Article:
Will the Last One to Leave Please Turn out the Lights?
September 3, 2019
I started my career at J.C. Bradford & Co. , a Nashville-headquartered investment banking firm. By the time I joined the firm as a wide-eyed puppy, the founder and firm’s namesake had retired. He would make only very occasional appearances, as his health was declining. When he dropped by, Mr. Bradford—and everyone, even senior officers, called him--would walk around, say hello, and offer great stories.
Mr. Bradford became a legend in large measure because his firm, which he founded in 1927, survived the great stock market crash of 1929 and the Great Depression which followed. It’s hard to overstate what a feat that was. The value of a seat on the New York Stock Exchange reached a peak of $625,000 in 1929 prior to the crash. Mr. Bradford purchased a seat in 1930 at what must have seemed like a bargain, at $400,000. By 1940, however, the value of an NYSE seat had fallen to $19,000. Yet J.C. Bradford & Co. was the only investment firm in Nashville to survive this turbulent period, going on to become one of the largest such firms based in the Southeast.
As he walked around saying hello to young folks like me many years later, one thing he said which has always stuck with me is “make sure you’re worth more than what you get paid. If that’s the case, you’ll be the last one around to turn out the lights.”
Spoken like a man whose firm survived a stock market crash and the Great Depression.
There’s a lot of talk right now about recession, and with good reason, in my view. That said, I’m mindful of the old joke about economists, that they’ve predicted nine out of the last five recessions. There’s a reason it’s an old joke which keeps getting retold, because there’s truth there.
If the so-called experts can’t predict the gyrations of a mind-numbingly complex multi trillion-dollar economy, then you can’t run your business based on economic forecasts, either.
What you can do, though, is what you must continually make a practice of: make sure that your customers see more value in what you provide them than the amount of the checks they write you. This principle holds wherever you find yourself in the economic cycle, what industry you’re in, or how old your business is.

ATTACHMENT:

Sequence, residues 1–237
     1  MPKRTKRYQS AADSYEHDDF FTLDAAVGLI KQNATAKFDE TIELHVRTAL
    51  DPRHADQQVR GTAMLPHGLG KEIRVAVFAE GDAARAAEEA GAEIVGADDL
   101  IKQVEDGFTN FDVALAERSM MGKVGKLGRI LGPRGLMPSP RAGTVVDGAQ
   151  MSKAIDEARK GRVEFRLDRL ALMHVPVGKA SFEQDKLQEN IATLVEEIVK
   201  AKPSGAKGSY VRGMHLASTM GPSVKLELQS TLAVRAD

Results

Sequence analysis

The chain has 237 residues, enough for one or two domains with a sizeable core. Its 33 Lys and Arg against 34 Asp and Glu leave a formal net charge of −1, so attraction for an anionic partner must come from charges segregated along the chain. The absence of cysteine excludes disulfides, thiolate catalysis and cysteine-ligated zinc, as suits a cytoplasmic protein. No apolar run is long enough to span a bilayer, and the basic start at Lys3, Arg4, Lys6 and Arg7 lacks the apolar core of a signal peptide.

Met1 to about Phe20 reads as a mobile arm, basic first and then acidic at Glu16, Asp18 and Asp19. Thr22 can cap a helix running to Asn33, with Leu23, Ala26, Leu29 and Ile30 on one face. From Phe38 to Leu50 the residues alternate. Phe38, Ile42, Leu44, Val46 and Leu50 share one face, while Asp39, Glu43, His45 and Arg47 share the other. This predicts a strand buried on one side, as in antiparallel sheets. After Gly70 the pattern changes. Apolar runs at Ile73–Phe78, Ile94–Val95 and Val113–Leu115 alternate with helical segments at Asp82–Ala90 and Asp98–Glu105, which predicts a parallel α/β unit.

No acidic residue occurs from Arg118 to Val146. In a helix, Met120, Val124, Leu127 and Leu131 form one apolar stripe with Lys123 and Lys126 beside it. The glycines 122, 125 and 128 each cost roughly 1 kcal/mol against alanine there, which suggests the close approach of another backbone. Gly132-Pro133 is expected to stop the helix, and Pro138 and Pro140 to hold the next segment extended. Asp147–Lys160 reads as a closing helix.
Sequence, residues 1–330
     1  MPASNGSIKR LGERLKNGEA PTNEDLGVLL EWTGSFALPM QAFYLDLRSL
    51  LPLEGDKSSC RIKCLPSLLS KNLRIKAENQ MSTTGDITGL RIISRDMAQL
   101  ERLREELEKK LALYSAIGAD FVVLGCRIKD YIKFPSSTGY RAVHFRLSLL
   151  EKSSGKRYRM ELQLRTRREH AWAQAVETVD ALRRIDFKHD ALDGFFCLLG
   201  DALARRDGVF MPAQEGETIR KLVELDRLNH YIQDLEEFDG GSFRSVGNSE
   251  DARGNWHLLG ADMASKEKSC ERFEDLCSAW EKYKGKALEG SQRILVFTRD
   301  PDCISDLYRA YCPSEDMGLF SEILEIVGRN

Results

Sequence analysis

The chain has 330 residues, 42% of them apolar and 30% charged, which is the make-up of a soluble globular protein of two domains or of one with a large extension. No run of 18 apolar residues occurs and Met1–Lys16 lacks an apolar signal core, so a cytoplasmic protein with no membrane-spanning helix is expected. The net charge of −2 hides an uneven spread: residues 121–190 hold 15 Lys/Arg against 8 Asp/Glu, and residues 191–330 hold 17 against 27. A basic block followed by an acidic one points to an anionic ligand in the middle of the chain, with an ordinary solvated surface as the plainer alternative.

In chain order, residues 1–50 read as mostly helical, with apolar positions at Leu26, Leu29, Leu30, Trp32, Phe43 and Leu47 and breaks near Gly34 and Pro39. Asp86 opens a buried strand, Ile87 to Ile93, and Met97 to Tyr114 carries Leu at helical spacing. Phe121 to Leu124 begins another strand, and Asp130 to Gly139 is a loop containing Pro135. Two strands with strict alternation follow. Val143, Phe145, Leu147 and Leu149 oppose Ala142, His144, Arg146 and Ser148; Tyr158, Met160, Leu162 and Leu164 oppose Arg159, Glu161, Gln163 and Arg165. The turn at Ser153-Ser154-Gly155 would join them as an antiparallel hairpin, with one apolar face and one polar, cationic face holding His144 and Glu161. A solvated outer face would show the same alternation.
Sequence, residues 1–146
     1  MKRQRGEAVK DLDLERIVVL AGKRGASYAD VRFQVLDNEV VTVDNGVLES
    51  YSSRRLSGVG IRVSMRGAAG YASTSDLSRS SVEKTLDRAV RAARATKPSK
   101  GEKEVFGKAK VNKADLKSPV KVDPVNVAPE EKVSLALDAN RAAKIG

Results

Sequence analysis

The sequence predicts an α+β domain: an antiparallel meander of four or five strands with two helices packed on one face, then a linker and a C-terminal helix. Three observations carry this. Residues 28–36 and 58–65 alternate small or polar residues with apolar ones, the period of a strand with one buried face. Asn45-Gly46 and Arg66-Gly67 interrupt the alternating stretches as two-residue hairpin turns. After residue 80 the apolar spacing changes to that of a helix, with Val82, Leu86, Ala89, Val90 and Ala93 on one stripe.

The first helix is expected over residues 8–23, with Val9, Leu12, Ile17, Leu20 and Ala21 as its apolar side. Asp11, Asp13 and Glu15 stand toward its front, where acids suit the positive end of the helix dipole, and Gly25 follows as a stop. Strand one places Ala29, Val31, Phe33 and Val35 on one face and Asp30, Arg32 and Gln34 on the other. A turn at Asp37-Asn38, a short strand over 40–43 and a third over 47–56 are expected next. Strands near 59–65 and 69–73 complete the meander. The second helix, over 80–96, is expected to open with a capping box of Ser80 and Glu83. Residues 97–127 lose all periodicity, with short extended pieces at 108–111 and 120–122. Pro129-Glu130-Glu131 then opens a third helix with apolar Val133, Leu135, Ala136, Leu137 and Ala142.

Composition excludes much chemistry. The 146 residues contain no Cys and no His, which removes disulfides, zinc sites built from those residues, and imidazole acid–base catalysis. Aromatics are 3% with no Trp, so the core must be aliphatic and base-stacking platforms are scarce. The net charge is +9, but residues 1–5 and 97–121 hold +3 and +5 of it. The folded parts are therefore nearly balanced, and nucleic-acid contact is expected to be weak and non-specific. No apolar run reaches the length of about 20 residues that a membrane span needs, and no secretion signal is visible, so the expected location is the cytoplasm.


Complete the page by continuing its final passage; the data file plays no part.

All of us need to do a “value check” with your clients. Are you giving more perceived value than you’re receiving in revenue? Have you even asked what value clients see in your product or services, whether formally, in surveys, or informally, in conversation? What’s the value they see in alternatives to your product or service?
Some of these are hard questions to ask objectively, and the answers are even harder to absorb sometimes. Yet this is the “recession check” you’ve got to do, constantly, in order not just to thrive, but to survive.
©Ray Business Advisors, LLC and John Ray
About me: I’m enthusiastic about how changes in pricing strategy can significantly change profitability for a business and enhance life choices for business owners. I live this passion through Ray Business Advisors, my outside CFO and business advisory practice, in which my pricing is exclusively value-based, not hourly. I work with business owners on how they can change their pricing not just to increase their profits, but better serve the wants of their customers. Click here to learn more or call me at 404-287-2627.